Solitaire free no download

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Solitaire online: Play Klondike Solitaire card games for free

The setup:

The tableau piles are numbered from one to seven. The first pile has one card on it, the second has two, and so on. The top card on each tableau is turned face up and the cards below are turned face down. The cards that are left after the cards have been moved to the tableau are placed face down on the stock. Both the waste and the foundations start off without any cards on them.

The objective:

To win in this game, all the cards need to end up in the foundation piles. The foundation piles are ordered by suit and rank. Each foundation has one suit and cards must be placed on the foundation in order (ace, one, two, etc). To get to move cards to the foundations, the player can use the moves described below.


  • Move cards from stock to waste: You can flip either one or three cards from the stock to the waste. The amount can be configured under settings.
  • Move a card from waste to a foundation: You can move a card from the waste to the foundation if the cards rank and suit is correct.
  • Move a card from waste to a tableau: You can move a card from the waste to the foundation if the cards rank and suit is correct.
  • Move a card from foundation back to the tableau: If need be, you can move a card from the foundation back onto the tableau.
  • Move one or more cards from one tableau to another: You can move one or several cards from one tableau to another if the rank of the first card in the pile is one higher than the tableau you're moving to and the color is opposite of the card being moved.
  • You can move a tableau card onto the foundations: You can do this manually or let it happen automatically. This can be configured under settings.

Time & moves:

The game measures the time and moves it takes to complete the game. You can see the time and moves up in the right corner of the game. You also have the option of turning off tracking of time and moves. You can do this under settings.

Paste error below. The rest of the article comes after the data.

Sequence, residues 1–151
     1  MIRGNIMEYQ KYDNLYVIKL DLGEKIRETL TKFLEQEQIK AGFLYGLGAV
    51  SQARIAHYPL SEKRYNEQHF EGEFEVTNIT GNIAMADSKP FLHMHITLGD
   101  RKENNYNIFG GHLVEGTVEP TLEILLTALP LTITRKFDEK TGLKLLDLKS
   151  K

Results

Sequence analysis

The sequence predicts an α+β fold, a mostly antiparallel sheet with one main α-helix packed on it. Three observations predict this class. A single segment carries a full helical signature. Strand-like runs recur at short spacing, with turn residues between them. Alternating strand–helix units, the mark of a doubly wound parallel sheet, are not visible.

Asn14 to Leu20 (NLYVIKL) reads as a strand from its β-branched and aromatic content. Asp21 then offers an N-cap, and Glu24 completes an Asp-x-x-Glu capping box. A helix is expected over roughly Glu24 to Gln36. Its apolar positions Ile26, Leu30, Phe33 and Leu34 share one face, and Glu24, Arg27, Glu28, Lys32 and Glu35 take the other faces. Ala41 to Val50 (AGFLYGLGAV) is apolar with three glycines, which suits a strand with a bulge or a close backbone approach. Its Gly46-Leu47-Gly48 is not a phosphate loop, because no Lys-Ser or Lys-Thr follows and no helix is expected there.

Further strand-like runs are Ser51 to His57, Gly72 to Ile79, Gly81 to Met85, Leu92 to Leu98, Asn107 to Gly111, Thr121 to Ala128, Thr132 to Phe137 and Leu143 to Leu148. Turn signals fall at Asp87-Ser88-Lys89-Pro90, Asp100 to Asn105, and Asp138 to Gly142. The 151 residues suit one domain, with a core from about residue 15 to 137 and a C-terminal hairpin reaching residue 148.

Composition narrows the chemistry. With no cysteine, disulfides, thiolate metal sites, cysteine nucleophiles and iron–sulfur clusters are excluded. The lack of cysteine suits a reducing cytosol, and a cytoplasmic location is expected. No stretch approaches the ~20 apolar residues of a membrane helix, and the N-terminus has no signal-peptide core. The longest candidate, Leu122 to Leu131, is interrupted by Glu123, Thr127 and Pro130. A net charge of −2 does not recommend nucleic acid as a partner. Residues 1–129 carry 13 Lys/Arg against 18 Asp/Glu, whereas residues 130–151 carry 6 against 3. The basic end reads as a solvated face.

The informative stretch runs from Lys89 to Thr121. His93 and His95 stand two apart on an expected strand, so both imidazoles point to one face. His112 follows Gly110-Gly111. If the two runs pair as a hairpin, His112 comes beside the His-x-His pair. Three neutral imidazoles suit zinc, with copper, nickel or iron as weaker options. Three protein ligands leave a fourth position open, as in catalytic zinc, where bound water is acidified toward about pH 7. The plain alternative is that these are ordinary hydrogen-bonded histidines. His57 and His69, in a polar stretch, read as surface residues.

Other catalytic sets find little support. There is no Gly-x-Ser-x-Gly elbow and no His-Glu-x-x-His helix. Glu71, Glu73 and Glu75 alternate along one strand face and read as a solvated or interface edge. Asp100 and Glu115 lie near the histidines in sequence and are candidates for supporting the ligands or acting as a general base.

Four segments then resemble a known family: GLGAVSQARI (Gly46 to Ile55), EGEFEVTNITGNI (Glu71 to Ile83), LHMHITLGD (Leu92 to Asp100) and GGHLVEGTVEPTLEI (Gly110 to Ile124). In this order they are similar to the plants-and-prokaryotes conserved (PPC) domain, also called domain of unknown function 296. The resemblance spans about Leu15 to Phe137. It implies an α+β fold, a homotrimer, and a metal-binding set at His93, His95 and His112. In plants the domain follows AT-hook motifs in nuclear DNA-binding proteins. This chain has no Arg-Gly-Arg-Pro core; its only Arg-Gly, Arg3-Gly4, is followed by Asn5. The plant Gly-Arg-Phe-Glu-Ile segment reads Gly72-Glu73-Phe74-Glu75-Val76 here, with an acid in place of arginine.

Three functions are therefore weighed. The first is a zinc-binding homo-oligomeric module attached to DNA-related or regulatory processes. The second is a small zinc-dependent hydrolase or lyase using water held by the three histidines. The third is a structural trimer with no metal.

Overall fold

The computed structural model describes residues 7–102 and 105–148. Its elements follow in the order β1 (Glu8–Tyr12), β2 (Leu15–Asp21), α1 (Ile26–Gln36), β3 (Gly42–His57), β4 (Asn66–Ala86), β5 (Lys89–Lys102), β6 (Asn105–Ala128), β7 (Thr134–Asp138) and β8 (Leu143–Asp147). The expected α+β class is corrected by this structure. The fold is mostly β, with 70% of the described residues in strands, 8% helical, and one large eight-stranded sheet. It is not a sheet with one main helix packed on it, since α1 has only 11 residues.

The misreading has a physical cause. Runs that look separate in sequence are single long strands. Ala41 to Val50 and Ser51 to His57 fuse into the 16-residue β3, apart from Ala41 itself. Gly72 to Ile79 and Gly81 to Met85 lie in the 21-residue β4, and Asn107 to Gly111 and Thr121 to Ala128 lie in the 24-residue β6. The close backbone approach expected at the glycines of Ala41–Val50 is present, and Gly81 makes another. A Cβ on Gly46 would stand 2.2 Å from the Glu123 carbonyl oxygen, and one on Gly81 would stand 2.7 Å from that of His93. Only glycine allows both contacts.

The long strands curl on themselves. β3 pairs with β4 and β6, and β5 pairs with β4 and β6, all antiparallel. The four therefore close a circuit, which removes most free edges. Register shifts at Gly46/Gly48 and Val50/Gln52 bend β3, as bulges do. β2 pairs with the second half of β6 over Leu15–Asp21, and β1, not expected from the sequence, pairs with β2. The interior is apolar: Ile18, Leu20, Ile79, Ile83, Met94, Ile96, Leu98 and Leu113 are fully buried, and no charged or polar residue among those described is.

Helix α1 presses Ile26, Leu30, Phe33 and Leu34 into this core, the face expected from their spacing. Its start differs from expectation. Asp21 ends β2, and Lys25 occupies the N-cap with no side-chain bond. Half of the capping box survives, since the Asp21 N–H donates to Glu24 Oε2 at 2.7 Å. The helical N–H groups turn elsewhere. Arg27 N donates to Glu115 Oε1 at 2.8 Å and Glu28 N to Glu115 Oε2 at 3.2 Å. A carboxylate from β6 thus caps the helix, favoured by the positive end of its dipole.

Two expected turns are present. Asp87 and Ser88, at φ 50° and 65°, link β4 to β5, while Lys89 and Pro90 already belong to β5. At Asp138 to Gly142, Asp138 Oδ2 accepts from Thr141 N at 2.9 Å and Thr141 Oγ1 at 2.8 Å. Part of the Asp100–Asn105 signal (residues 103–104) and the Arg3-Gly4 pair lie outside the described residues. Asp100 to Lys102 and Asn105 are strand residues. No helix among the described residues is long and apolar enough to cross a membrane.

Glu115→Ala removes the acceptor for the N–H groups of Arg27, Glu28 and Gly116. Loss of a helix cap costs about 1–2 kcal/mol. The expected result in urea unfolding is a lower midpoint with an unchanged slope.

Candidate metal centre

The scoring used, is the classic Microsoft scoring, used in the Windows™ games. You can see a table of the scoring below:

Waste to tableau5
Waste to foundation10
Tableau to foundation10
Turn over tableau card5
Foundation to tableau

Moving a card from the waste to the foundation will get you 10 points. If you first move it to a tableau and then to a foundation, then 5 points are added and you’ll receive a total of 15 points. So to receive a maximum score, you should always move cards from the waste to a tableau before moving them to the foundation.

If you want a more detailed explanation of the rules, we recommend the following YouTube video.


Welcome to Solitaire Heaven!

If you're a solitaire enthusiast, you're in the right place. Because if anyone knows solitaire, it's us. We created the Microsoft Solitaire Collection that comes pre-installed on Microsoft Windows. So, you know that our free solitaire games are the best classic card games around.

We feature more than a dozen different versions of the classic game, including Classic Solitaire, Spider Solitaire, Pyramid Solitaire, and Freecell Solitaire.

Playing solitaire online is a great pastime that provides people with countless hours of fun all over the world.

Solitaire is a game of skill that demands real thought to achieve a high score, often requiring that you think several steps ahead if you want to win with a solid time.

Testing yourself and your solitaire skill foundations with free online solitaire not only gives you a chance to improve your understanding of this varied game, but it also gives you the experience you need to play live games.

Whatever type of solitaire you want to play, we have you covered. So choose your variation and start playing the best free online solitaire games!

Tips on How to Play Solitaire

One of the key tips for playing solitaire is to know the rules for the version you're playing. some variants of solitaire allow the stockpile, where players draw new cards from when they have no available moves, to draw three cards in sequence rather than one.